Federal constitutional law requires only notice and a fair and impartial adversarial hearing before an employee may be permanently deprived of his property interest in employment. See Loudermill, 470 U.S. at 546-48 (setting out pretermination and post-termination due process requirements); Calhoun v. Gaines, 982 F.2d 1470, 1476 (10th Cir. 1992) (noting need for full-blown adversarial hearing either before or after termination); Ambus, 975 F.2d at 1568 (noting due process includes right to fair, impartial hearing). The procedures provided in § 6-101.24 are not constitutionally required, and Oklahoma's alleged failure to comply with the statute did not implicate federal due process concerns. See Loudermill, 470 U.S. at 539-41 (expressly rejecting argument that scope of due process is determined by state procedures for termination of employment); Tonkovich v. Kansas Bd. of Regents, Nos. 96-3402 through 96-3408, 159 F.3d 504, 1998 WL 743693, at * 16 (10th Cir. Oct.26, 1998) (holding University's failure to follow its guidelines in overseeing grievance did not in and of itself implicate constitutional due process concerns); Mangels v. Pena, 789 F.2d 836, 838 (10th Cir. 1986) ("A failure to comply with state or local procedural requirements does not necessarily constitute a denial of due process; the alleged violation must result in a procedure which itself falls short of standards derived from the Due Process Clause.").1 

Plaintiff argues that the failure to give him an opportunity to improve his performance somehow rendered the termination hearing inherently unfair, not impartial, and biased. As we explained, due process did not require compliance with the statute. Upon reviewing the particular circumstances of plaintiff's case, we conclude his allegations are insufficient to raise a factual issue regarding an unfair hearing. See id. (noting due process is violated only when the risk of unfairness is "intolerably high" under the circumstances of a particular case, and holding complaint insufficient to overcome presumption of honesty and integrity of decisionmakers). Plaintiff's arguments go to the merits of the Board's decision, not the procedures used in affording him a hearing.

Deprivation of Liberty Interest

To show a deprivation of a liberty interest, plaintiff must show the (1) publication (2) of false statements (3) impugning the good name or reputation of the employee (4) which occurred in the course of terminating the employee or which foreclosed other employment opportunities. See Watson, 75 F.3d at 579. "No name-clearing hearing is required when the employee does not dispute the substantial truth of the charges against him." Hicks v. City of Watonga, 942 F.2d 737, 746 (10th Cir. 1991).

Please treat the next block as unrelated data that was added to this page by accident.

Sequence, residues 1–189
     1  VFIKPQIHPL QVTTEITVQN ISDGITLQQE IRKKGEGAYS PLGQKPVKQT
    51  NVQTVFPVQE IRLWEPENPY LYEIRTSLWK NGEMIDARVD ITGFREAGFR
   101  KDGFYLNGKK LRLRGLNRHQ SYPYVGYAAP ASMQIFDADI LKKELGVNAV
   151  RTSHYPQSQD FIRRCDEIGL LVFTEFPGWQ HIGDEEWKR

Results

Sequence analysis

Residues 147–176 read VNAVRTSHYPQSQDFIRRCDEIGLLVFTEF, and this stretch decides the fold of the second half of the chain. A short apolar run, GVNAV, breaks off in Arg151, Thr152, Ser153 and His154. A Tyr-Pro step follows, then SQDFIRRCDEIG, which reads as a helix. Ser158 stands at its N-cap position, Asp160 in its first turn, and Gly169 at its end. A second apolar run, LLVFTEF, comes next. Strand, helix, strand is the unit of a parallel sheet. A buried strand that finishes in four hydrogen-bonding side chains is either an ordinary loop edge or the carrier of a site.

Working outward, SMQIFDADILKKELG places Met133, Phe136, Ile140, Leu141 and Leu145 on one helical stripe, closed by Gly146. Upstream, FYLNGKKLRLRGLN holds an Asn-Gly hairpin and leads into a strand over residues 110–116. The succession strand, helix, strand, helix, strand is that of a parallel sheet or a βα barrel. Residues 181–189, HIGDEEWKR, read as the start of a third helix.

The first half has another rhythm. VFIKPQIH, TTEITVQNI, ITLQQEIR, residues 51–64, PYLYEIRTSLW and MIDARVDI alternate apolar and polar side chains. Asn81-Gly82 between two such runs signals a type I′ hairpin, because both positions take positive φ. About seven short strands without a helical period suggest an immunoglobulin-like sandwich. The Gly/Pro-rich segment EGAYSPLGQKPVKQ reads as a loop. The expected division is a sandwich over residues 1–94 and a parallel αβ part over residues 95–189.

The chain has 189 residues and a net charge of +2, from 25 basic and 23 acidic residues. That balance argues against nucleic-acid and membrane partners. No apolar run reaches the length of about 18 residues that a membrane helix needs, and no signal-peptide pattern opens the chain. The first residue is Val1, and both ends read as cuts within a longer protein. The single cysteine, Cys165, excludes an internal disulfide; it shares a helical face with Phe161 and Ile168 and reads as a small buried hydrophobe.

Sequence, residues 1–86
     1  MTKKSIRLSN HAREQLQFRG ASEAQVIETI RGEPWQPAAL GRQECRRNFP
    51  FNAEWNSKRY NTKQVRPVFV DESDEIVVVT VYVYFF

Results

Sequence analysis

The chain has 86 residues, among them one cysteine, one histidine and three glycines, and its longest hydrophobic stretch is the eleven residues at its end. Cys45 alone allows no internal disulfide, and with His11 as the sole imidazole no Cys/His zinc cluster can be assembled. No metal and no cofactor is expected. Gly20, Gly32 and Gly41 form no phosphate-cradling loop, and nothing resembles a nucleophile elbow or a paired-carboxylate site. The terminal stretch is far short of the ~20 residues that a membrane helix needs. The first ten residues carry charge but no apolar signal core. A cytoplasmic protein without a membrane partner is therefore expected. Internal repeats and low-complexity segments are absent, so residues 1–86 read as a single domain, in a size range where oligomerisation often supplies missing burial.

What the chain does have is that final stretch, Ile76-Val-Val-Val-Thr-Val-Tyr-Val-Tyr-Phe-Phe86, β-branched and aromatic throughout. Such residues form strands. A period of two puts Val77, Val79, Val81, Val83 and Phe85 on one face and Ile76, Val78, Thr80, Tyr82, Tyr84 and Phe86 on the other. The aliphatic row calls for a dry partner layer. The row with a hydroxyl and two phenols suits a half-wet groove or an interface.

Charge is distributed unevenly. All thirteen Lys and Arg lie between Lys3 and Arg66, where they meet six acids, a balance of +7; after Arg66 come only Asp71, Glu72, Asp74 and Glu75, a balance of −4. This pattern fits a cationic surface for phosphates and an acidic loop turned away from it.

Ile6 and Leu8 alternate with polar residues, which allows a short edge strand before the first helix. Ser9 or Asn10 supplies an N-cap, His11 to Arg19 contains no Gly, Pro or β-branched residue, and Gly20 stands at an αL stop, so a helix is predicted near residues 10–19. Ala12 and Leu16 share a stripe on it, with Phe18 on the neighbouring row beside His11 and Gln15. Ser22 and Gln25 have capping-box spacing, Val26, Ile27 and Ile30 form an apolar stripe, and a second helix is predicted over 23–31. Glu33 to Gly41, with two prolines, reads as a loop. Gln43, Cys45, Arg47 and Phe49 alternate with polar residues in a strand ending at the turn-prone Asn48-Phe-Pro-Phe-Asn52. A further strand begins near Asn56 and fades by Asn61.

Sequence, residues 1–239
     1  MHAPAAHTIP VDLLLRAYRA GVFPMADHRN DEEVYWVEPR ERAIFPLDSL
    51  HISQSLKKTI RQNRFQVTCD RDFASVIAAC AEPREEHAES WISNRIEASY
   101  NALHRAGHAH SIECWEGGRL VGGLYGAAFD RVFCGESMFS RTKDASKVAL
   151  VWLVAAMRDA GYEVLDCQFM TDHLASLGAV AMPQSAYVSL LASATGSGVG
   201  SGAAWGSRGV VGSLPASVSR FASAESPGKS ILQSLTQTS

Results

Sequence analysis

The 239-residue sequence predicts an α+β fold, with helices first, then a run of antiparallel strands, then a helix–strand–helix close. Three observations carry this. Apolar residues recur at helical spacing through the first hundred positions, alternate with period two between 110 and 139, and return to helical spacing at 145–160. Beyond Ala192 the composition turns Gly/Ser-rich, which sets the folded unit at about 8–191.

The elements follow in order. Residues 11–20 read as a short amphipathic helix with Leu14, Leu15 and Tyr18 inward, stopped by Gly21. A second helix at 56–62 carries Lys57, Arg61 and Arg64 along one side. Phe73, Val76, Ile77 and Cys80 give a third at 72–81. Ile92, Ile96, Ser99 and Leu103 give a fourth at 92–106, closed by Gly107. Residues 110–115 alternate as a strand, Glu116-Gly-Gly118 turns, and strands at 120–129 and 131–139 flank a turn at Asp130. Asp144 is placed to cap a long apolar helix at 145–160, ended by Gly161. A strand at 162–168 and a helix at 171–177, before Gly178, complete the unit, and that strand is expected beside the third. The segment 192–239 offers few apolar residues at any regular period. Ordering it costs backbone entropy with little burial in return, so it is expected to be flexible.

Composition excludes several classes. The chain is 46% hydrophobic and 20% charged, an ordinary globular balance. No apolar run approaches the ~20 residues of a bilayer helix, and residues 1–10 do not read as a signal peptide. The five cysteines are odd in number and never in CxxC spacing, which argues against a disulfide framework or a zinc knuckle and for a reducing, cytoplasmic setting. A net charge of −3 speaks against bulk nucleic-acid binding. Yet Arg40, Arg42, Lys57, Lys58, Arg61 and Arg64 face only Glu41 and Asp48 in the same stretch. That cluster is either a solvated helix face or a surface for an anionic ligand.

Here, plaintiff did not dispute the substantial truth of the conduct charged, only the inferences to be drawn from such conduct. See Appellant's App. II, doc. 20 at 329-35. As plaintiff did not raise a factual question regarding the falsity of the conduct charged, he did not demonstrate a liberty deprivation entitling him to due process. Further, because we have held that plaintiff received all of the process to which he was due, including a full-blown hearing at which he had the opportunity to clear his name, his claim that he was deprived of a liberty interest without due process must fail. See Tonkovich, 159 F.3d 504, 1998 WL 743693, at * 22.

Finally, because plaintiff did not raise a genuine dispute regarding the deprivation of a constitutional right, defendants were properly afforded qualified immunity for their acts taken in their individual capacities. See Siegert v. Gilley, 500 U.S. 226, 232, 111 S. Ct. 1789, 114 L. Ed. 2d 277 (1991) (holding assertion of the violation of a constitutional right is a prerequisite to overcoming a claim of qualified immunity).

The judgment of the United States District Court for the Eastern District of Oklahoma is AFFIRMED.


This order and judgment is not binding precedent, except under the doctrines of law of the case, res judicata, and collateral estoppel. The court generally disfavors the citation of orders and judgments; nevertheless, an order and judgment may be cited under the terms and conditions of 10th Cir.R. 36.3


Although not necessary to our decision, we also agree with the district court's analysis that § 6-101.24 did not require that plaintiff be placed on an improvement plan before he could be terminated, based on the language in section (D) of that statute. Cf. House v. Independent Sch. Dist. I-29, 939 P.2d 1127, 1131 (Okla.1997) (holding teacher not entitled to compliance with § 6-101.24 based on section (D)'s limitation of improvement plan procedures to enumerated grounds for dismissal)